Photojournalism lecturer Lewis Bush on his new book ‘Metropole’ exploring London property development
London College of Communication Photojournalism and Documentary Photography lecturer Lewis Bush has released new photobook ‘Metropole’ – exploring, researching and photographing property developers and developments in London.
Part funded by a grant from LCC Research and published by Overlapse, 'Metropole’ is one of a number of external photographic projects by Bush loosely exploring themes including finance, war morals, intelligence, and social justice.
Previous projects have included ‘Shadows of the State’, a photobook investigating and exposing mysterious radio broadcasts dating back to the Cold War, and Lewis brings this expertise and interests to his teaching at LCC, and students benefit learning from an active writer, curator, and photojournalist.
We caught up with Lewis, who teaches on both BA (Hons) Photojournalism and Documentary Photography and MA Photojournalism and Documentary Photography at LCC, to find out more about ‘Metropole’ and to get an insight into some of his future projects.
Hi Lewis, can you tell us a little more about Metropole?
Metropole is the result of three years of work photographing and researching property development in London. The series began as quite a visceral photographic reaction to the feeling that I was losing the city I had grown up in, as more and more of it was redeveloped by unsympathetic developers who had no qualms about wiping away the city’s existing architecture and people.
Over time that sense of anger has also been augmented with a great deal of research looking at the tactics and schemes that many developers use, for example to get planning permission without meeting council requirements for things like affordable housing, or how some of them employ complex financial structures and offshore jurisdictions to amplify their profit and minimise their taxes on UK based projects.
What inspired you to create a photographic project on this subject?
The sense that the city I had grown up in was disappearing very rapidly. When I was a kid I still remember a huge number of derelict or semi-derelict buildings, empty plots of land, and so on, even in the centre of the city. The city was just a more interesting, varied place.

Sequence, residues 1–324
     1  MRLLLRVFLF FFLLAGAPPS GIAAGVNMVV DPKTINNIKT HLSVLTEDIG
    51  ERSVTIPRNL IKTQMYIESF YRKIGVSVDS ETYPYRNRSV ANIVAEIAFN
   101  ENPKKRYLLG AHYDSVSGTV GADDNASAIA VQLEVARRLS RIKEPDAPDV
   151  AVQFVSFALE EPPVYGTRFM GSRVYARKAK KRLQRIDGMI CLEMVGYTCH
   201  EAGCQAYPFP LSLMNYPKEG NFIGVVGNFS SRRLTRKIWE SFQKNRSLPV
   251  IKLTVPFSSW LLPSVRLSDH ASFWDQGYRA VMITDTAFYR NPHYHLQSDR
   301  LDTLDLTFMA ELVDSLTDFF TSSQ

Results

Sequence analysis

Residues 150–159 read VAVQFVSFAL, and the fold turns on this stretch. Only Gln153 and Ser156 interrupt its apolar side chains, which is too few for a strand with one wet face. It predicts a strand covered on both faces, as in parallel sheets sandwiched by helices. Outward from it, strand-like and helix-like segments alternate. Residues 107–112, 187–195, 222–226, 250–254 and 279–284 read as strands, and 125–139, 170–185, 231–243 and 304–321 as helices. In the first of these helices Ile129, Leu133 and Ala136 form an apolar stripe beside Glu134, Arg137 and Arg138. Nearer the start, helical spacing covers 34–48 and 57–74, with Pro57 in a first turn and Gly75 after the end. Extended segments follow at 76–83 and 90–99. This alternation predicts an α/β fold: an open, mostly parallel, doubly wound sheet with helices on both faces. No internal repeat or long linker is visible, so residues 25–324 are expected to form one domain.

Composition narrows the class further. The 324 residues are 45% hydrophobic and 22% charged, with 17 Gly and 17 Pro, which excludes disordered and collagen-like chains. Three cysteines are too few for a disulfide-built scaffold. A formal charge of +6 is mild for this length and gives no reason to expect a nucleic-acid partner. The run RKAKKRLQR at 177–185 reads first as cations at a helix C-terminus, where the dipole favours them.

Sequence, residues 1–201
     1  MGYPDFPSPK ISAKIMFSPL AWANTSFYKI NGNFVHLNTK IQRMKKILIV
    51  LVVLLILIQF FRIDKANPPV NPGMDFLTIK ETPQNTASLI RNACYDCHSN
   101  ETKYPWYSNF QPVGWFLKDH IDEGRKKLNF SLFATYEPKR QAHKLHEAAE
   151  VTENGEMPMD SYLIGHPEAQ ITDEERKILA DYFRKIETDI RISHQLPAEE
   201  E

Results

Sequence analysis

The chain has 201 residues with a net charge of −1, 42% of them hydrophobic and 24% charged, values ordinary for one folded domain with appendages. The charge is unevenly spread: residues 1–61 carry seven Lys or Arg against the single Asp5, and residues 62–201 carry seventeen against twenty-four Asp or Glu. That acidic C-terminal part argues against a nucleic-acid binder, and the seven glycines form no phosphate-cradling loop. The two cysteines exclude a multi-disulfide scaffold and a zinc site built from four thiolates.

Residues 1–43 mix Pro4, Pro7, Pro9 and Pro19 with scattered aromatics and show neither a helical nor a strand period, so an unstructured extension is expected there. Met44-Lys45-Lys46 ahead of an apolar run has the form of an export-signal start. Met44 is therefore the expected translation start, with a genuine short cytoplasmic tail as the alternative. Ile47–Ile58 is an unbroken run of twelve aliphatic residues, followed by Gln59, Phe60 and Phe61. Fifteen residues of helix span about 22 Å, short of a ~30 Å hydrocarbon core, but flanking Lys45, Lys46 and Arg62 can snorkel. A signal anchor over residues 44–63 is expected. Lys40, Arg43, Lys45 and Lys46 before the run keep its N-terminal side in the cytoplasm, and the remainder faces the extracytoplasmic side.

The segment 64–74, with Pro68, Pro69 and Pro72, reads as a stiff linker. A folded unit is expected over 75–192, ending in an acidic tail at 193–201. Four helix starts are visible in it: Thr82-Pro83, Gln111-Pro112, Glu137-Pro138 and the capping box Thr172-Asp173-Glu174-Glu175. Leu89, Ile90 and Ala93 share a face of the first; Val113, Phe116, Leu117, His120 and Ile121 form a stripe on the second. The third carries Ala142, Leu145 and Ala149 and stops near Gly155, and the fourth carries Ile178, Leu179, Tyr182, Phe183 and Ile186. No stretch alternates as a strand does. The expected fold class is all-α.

We often hear that photography has no power to influence events in the world, and to some extent that’s true, but the power of photography to scrutinise the activities of the powerful is an important one, and it is a power that clearly still makes these people quite nervous — Lewis Bush
As land values have increased these things have inevitably disappeared, and the city has become more homogenous and boring. But behind that homogenisation there is also a human cost, of communities displaced and people forced out from the city they once called home.
This is a continuation of your work from 2015. How do you feel the subject matter has changed in that time? What do you feel the big differences are?
If anything, the problems seem to have been magnified since 2015 when I published a small zine containing about dozen images from the project. I’ve watched since then as development has very visibly radiated out along major roads from the centre of the city and into areas I didn’t really imagine would ever be attractive to developers.
I grew up around Peckham and New Cross, places which felt so off the map when I was younger that I never could have imagined a time when local people would be battling to prevent aggressive redevelopment projects in these areas.
How did you put this work together?
Very simply by heading out into the city during winter nights and walking for some distance through areas that were particularly subject to redevelopment. In the latter stages of the project I travelled more widely as new developments began to appear further afield from the centre.
On finding construction sites or buildings that fit the bill I would then explore them photographically, layering multiple images of them over each other inside my camera to create the multiple exposure images that give Metropole its particular look. I’d then often go away afterwards and conduct research on the building I’d photographed.